Pirated software still treasured among Vietnamese businesses

By Vien Thong   December 6, 2019 | 11:00 pm PT
Pirated software still treasured among Vietnamese businesses
By 2018, up to 75 percent of software used in Vietnam was unlicensed. Photo by Reuters.
An anti-piracy drive in Vietnam has found local enterprises lack the self-awareness to comply with intellectual property law.

Two months since launching the campaign among 10,000 Vietnamese companies, Software Alliance, also known as BSA, which represents some of the world's largest software makers, said eradicating illegal software across Vietnam is a slow process, especially compared to regional peers.

In similar initiatives, companies in Indonesia, the Philippines and Thailand acquired licensed software for roughly 6,000 local computers while the figure in Vietnam remained at just 200, BSA confirmed.

It highlighted a corporation in Indonesia that had legalized software for almost 1,000 in-house computers.

Meanwhile, tens of thousands of companies in Vietnam have utilized illegal software, with very few CEOs taking charge of the situation, said Tarun Sawney, BSA senior director for Asia-Pacific.

"We consider putting public and state data at risk of being hacked as irresponsible. It needs to be stopped," he added.

BSA launched its "Eradicating Illegal Software" campaign across Vietnam in October, in conjunction with local authorities to ensure companies use software in compliance with intellectual property regulations.

The organization provided company CEOs a free "risk estimation tool" to determine the penalties they may face for non-compliance.

As part of the campaign, BSA targets companies that have purchased past software licenses but without renewing them, or those operating across industries requiring specific software but not included on BSA’s clients list.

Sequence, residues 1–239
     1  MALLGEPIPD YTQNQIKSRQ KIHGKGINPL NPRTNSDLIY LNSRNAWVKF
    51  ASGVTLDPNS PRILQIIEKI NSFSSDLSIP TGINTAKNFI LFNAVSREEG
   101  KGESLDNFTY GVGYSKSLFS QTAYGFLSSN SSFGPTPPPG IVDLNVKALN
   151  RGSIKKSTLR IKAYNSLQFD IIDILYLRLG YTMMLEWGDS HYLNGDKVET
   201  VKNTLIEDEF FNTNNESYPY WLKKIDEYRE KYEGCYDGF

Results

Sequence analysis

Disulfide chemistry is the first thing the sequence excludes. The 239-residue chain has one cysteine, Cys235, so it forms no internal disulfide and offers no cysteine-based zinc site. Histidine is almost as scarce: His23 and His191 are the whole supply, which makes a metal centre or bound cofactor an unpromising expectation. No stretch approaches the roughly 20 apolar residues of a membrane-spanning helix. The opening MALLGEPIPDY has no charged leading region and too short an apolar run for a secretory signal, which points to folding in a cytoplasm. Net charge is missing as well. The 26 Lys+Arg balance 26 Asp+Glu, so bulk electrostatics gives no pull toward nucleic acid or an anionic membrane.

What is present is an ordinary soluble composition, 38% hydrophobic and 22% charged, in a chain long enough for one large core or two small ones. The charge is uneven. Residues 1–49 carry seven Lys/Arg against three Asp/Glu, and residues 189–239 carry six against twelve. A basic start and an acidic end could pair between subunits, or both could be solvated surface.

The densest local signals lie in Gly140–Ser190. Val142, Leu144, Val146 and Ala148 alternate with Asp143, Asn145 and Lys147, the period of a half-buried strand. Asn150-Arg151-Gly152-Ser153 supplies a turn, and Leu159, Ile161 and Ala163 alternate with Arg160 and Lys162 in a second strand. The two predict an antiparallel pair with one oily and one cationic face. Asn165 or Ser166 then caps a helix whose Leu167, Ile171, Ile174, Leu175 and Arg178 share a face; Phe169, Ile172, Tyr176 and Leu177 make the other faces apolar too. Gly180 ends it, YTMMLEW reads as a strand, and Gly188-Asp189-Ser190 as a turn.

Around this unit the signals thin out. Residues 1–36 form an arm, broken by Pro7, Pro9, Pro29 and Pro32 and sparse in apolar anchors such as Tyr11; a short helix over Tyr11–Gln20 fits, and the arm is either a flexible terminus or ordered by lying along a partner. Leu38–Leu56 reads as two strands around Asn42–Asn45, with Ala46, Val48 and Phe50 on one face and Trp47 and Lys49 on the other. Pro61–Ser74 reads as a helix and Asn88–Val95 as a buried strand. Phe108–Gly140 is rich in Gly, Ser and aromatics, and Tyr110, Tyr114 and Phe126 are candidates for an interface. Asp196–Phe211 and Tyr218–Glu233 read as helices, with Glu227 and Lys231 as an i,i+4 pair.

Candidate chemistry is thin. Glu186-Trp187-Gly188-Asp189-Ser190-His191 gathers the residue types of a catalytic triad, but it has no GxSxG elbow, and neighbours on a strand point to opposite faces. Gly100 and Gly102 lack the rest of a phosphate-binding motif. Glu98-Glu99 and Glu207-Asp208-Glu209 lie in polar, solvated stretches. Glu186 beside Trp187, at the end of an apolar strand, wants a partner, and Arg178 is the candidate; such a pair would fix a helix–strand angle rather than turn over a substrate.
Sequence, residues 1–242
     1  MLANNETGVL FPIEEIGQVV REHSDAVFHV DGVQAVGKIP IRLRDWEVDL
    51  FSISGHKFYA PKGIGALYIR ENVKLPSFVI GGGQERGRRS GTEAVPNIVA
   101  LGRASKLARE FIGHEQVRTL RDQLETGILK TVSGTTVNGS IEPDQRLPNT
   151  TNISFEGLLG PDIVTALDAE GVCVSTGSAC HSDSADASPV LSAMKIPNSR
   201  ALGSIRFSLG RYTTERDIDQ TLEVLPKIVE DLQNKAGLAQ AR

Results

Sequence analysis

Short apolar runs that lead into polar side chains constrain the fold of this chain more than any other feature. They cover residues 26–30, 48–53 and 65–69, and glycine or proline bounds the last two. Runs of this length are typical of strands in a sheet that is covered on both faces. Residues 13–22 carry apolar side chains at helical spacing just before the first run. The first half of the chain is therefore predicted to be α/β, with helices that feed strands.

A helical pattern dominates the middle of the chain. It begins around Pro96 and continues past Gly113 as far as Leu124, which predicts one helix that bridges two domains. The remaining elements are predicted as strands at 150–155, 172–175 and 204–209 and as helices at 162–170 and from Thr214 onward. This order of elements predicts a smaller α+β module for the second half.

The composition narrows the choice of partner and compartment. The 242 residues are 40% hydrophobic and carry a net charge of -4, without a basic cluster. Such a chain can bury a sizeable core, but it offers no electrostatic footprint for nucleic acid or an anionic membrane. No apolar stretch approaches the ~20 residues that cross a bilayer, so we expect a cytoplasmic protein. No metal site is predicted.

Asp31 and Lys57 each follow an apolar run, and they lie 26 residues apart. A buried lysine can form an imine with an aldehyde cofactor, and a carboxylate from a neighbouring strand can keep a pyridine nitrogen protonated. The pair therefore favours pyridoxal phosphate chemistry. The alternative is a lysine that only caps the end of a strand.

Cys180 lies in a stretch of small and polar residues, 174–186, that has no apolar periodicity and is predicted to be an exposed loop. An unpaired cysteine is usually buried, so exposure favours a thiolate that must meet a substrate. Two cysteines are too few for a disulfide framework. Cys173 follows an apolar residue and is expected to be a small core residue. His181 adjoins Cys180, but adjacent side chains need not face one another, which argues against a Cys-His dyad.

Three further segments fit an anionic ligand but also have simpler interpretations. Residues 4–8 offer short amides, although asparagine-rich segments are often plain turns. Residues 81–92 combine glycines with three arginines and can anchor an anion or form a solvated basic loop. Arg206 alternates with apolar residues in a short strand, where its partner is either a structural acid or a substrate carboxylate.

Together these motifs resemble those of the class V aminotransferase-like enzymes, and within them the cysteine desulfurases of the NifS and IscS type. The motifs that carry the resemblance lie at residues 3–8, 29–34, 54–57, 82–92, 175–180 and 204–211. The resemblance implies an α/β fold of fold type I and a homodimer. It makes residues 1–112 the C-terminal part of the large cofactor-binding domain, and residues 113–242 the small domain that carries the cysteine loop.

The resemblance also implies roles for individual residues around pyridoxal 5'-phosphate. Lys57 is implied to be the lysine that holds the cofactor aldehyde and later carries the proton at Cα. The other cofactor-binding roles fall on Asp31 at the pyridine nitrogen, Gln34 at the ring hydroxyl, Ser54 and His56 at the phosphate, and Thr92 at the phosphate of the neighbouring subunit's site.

So far, Vietnamese companies in 33 out of 63 localities have reported software registration, with the unlicensed software ratio in HCMC some 30 percent higher than Hanoi.

The national ratio peaked at 75 percent last year, a slight decrease from 78 percent in 2015 and up from 74 percent in 2017. The average Asia-Pacific ratio came in at 57 percent, according to BSA statistics.

"Vietnamese CEOs should accept legal software as best practice in ensuring cybersecurity, compliance with the law and reputation. Greater efforts are needed from both the government and businesses to fully incorporate copyrighted and legalized software," said Sawney.

Software Alliance, formerly named Business Software Alliance, is a Washington-based trade group that supports policies promoting technological innovation and growth across the global digital economy.

Its members include big names like Adobe, Autodesk, Apple, Amazon Web Services, Microsoft, Oracle, IBM, Cisco and Symantec. It operates in over 60 countries.

Since January 1, 2018 copyright infringement has been a criminal offense in Vietnam. Corporations found to have broken this law could face a maximum fine of VND3 billion ($129,130) and business suspension of up to two years.

In 2018, the Ministry of Information and Communications handled 50 cases of unlicensed software use. In the first nine months of this year, it investigated another 85.

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